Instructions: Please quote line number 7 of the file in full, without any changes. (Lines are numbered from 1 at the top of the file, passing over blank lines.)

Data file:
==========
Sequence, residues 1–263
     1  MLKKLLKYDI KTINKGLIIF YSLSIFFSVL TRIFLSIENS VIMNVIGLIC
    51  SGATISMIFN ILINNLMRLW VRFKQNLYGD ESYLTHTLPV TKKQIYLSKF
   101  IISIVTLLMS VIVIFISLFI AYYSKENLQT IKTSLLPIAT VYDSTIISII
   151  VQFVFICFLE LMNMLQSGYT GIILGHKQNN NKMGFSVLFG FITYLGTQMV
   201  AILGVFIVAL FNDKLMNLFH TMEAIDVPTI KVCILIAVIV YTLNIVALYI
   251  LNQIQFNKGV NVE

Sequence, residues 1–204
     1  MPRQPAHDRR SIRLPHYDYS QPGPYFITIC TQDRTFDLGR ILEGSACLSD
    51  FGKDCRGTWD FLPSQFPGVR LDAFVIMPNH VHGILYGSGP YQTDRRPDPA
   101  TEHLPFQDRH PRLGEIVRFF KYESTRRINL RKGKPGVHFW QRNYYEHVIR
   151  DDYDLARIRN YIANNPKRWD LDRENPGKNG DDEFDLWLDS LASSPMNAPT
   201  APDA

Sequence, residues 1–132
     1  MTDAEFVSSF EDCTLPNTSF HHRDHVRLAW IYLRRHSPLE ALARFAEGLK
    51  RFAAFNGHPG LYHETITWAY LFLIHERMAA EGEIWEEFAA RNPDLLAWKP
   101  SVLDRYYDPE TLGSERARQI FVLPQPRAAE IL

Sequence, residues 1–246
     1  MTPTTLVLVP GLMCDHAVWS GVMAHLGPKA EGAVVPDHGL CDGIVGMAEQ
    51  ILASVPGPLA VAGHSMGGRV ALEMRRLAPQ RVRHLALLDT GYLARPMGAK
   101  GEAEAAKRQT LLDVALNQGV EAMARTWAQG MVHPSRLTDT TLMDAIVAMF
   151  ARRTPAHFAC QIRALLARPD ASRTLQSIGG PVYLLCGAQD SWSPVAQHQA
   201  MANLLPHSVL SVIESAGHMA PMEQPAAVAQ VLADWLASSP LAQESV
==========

   251  LNQIQFNKGV NVE